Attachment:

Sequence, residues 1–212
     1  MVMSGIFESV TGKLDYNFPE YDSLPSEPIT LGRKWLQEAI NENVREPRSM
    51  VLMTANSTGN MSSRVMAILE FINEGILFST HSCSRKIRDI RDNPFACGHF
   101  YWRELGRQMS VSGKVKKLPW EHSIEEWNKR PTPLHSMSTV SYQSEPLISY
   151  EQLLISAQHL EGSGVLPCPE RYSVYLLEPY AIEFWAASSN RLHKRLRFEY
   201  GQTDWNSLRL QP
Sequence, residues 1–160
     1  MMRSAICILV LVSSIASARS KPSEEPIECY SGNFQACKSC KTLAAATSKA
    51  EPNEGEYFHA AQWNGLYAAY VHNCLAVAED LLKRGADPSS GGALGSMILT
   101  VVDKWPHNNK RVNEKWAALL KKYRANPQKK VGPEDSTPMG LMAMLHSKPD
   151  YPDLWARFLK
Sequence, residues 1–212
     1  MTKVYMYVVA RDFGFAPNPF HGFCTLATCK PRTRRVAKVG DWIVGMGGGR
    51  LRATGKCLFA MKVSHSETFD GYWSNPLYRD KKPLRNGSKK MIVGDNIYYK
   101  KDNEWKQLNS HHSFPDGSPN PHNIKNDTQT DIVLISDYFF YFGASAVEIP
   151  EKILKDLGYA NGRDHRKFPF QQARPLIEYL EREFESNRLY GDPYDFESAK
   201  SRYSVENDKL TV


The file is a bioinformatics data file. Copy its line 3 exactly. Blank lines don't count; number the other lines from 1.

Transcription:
    51  VLMTANSTGN MSSRVMAILE FINEGILFST HSCSRKIRDI RDNPFACGHF